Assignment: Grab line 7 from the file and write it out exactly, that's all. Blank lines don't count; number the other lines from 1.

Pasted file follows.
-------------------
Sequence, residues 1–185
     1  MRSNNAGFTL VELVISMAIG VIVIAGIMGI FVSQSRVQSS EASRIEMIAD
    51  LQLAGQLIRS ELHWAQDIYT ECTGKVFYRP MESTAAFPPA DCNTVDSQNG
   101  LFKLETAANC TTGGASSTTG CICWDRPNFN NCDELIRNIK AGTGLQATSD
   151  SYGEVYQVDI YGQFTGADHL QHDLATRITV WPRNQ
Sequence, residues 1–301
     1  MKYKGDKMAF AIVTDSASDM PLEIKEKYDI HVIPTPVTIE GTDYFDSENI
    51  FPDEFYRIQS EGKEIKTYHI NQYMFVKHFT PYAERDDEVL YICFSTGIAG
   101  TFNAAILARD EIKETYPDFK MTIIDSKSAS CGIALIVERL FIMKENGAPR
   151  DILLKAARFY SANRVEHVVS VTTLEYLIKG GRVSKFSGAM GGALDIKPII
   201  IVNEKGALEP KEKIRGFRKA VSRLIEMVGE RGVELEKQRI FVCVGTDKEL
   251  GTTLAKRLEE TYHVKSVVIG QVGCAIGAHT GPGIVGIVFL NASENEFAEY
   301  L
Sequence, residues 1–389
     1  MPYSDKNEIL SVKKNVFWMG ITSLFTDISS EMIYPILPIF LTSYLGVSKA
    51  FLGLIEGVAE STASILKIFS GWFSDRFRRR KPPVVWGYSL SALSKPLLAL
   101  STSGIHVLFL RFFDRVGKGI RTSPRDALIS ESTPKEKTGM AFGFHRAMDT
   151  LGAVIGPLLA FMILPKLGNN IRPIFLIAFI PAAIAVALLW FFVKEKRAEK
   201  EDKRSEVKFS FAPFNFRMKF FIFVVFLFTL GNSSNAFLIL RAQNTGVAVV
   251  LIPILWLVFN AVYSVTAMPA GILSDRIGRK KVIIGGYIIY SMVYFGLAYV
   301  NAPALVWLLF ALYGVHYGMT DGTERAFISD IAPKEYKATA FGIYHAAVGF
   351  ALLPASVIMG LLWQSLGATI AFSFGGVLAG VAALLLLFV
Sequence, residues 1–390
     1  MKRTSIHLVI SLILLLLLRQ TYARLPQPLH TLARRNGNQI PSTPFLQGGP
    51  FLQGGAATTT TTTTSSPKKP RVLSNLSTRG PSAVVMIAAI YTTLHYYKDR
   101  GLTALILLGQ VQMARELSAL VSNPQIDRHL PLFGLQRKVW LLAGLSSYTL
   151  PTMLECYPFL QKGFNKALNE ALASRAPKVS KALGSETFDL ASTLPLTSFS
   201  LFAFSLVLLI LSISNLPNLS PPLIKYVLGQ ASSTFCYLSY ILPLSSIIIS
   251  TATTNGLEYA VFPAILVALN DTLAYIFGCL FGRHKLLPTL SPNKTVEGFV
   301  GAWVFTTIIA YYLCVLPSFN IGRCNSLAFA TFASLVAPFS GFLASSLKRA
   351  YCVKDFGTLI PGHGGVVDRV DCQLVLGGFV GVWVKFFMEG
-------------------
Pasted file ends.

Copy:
     1  MKYKGDKMAF AIVTDSASDM PLEIKEKYDI HVIPTPVTIE GTDYFDSENI